Nelsons, BSO and Barkmin strike sparks in vivid “Salome”
It was mildly disappointing to look in the Boston Symphony Orchestra’s admirable performance-history notes on Thursday night and find no indication that Richard Strauss’s Salome had ever been banned in Boston.
Surely the night’s concert performance under music director-designate Andris Nelsons, featuring the BSO debut of soprano Gun-Brit Barkmin in the title role, was lurid and lusty enough to bring out the vice squad, even without the actual striptease and severed-head smooching of staged versions.
But in an age when the erotic and violent fantasies of teenagers are standard pop-culture fare, listeners tend to be not so much appalled at the blasphemy and necrophilia of Strauss’s young heroine as stunned by the power of the composer’s musical imagination.
The latter was fully on display Thursday, as Nelsons and his players wrung every drop of musical metaphor and expression from Strauss’s extravagant score, from Herod’s hallucination of a giant bird with beating wings to the long orchestral interlude that, without any singing at all, portrays Salome’s psychic turn from infatuation to murderous rage.
In fact, few operas lend themselves as well to performances by an orchestra onstage as Salome, which Strauss pointedly called not an opera but a “music drama,” and the composer Fauré called “a symphonic poem with voices added.”
Those voices, in the main, held their own quite well Thursday night. With an astute Nelsons giving them as much orchestra as they could stand, the singers rose above it all, most spectacularly Barkmin as Salome.
In the early going, as Salome charmed the captain Narraboth into disobeying orders and bringing out the imprisoned prophet Jochanaan, Barkmin was able to make her little insinuations and flirtations register all the way to the back row—and in long, narrow Symphony Hall, that’s saying something.
Flirtations, however, are not what this role is known for. As the character abandoned herself more and more to erotic and murderous impulses, her part became more impassioned, agitated, even overwrought—in today’s usage, “extreme” singing. On Thursday, Barkmin sent those taxing high notes ringing through the hall one after another after another, without fail.
But not without effort. Hers was not a lush, opulent voice one could relax into, but a slender tone to match her slender physique. (Dressed in a sort of black caftan with droopy sleeves, she often flung her arms wide, evoking, intentionally or not, a draped cross.) It added a subtext of frailty to the immense vocal power she wielded in the role.
As for acting her role, Barkmin was usually content to appear sulky and mysterious, like the girl in the Aubrey Beardsley illustrations for the Oscar Wilde play on which this work is based, and let the orchestra relate her interior monologue.
By contrast, tenor Gerhard Siegel actively projected his role as the imperious, hot-tempered King Herod, his full-bodied yet focused tenor every bit up to the part (and to a very large BSO playing forte).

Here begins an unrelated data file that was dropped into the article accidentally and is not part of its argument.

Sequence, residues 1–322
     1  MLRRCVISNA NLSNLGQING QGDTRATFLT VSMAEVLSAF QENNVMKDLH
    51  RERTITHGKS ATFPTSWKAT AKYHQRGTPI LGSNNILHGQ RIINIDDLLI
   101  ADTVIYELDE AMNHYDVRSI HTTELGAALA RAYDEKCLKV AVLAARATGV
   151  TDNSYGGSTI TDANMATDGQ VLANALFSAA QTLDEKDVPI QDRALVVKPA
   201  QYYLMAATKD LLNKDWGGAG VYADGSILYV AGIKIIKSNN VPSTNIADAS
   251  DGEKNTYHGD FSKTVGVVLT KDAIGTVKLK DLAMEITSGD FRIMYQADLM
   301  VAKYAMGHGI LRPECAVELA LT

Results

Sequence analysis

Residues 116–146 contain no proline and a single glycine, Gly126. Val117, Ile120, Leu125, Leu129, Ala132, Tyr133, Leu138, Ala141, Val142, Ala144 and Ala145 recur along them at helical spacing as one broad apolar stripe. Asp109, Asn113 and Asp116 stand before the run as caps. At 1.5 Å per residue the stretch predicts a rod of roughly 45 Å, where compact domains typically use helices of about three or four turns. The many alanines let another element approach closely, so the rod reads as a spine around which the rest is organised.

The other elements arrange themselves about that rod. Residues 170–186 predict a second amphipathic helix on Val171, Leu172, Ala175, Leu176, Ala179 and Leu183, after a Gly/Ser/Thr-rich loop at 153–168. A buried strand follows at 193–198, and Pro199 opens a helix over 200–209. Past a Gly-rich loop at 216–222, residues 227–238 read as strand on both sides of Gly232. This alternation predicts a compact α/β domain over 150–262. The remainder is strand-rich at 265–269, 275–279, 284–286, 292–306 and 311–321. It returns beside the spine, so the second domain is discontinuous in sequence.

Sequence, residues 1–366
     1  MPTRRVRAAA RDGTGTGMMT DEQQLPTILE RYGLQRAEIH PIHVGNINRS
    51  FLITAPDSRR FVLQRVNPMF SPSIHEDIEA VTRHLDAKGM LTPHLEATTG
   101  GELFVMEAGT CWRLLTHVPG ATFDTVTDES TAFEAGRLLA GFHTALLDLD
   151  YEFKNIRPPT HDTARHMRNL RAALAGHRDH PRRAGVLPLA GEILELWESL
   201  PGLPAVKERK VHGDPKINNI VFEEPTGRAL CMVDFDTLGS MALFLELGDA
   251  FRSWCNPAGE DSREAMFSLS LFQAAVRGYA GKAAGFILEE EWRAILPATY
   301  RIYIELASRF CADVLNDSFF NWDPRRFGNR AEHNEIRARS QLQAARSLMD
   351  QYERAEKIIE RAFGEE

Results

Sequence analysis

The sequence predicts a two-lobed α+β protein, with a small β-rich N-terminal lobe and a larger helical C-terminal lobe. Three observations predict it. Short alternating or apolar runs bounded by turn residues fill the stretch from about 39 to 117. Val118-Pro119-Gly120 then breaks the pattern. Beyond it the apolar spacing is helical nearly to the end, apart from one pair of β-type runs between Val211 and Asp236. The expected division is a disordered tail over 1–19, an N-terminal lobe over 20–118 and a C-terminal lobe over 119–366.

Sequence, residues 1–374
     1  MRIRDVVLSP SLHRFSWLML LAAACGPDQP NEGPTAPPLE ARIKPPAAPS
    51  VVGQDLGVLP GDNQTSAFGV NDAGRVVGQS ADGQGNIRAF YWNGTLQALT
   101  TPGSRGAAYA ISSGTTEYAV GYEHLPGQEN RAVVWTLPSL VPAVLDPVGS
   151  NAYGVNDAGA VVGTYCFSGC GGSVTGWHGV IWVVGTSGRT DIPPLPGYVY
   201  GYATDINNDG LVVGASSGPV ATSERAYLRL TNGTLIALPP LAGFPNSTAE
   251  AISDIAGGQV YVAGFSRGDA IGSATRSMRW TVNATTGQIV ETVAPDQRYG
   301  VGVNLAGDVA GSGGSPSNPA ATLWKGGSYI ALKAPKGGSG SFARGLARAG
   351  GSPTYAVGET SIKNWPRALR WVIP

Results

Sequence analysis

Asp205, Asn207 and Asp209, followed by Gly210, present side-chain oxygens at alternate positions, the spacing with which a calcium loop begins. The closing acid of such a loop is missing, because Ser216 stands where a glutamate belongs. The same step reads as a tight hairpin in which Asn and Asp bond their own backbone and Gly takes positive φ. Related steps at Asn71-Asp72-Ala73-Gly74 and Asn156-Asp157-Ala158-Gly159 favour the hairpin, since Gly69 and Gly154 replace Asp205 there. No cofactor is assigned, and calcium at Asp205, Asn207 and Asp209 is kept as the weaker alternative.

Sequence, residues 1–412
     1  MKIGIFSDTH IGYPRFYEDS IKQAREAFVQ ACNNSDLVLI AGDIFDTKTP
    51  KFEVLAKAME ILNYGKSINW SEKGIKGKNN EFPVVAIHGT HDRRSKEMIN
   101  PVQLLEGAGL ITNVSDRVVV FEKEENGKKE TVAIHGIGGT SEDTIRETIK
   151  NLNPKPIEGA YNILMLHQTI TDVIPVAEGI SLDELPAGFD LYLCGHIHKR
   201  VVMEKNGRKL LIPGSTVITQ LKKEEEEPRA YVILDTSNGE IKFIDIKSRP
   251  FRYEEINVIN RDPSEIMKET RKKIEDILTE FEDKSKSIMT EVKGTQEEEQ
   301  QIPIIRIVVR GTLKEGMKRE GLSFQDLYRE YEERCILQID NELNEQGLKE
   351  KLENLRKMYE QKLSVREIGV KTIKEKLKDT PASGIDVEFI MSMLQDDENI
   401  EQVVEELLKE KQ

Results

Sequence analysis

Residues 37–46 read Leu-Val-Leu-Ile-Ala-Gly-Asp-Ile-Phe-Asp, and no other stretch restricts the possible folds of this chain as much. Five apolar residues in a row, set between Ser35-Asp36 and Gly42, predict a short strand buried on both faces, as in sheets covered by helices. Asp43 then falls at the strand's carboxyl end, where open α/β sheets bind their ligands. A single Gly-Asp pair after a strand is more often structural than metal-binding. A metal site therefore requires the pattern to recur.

Pure rectitude is not an easy quality to project, nor very dynamic in a dramatic sense, but baritone Evgeny Nikitin managed it as the prophet Jochanaan, with the courage to sing in an off-putting, hard tone that emphasized the sheer looniness of Salome’s falling for the guy.
As Queen Herodias, Jane Henschel brought a rich mezzo-soprano tone to a role of one-liners where it had little chance to bloom, but she struck some fine, angry sparks off Siegel’s Herod as the action neared its tragic climax.
Tenor Carlos Osuna as the doomed captain Narraboth did not make himself heard as well as the others over Strauss’s heavy scoring, but the conflict between lust and duty came through clearly in his performance.
In smaller roles, bass-baritones Keith Miller and Ryan Speedo Green as two soldiers made the most of their mainly expository dialogue at the beginning of the show, and tenor Jason Ferrante was a humorous standout as Jew No. 4 in an otherwise squirm-inducing bit of comic relief satirizing Jewish theological disputations.
Conductor Nelsons paced the music effectively, and the performance’s nearly two hours without intermission seemed to fly by. The Dance of the Seven Veils, composed last and standing somewhat apart in style from the rest of the opera, is nevertheless significant in Salome’s psychic transformation, but on Thursday it came off as a set piece, a bit too lingered over, and the drama lost momentum at that point. But the orchestra played it superbly, reaching deep in its box of exotic colors.
Quibbles aside, an audience eager for signs of a brighter future for the long-leaderless BSO appeared thrilled to hear such vital and finished music-making under Nelson’s baton, and they rewarded the performance with a prolonged, enthusiastic ovation.
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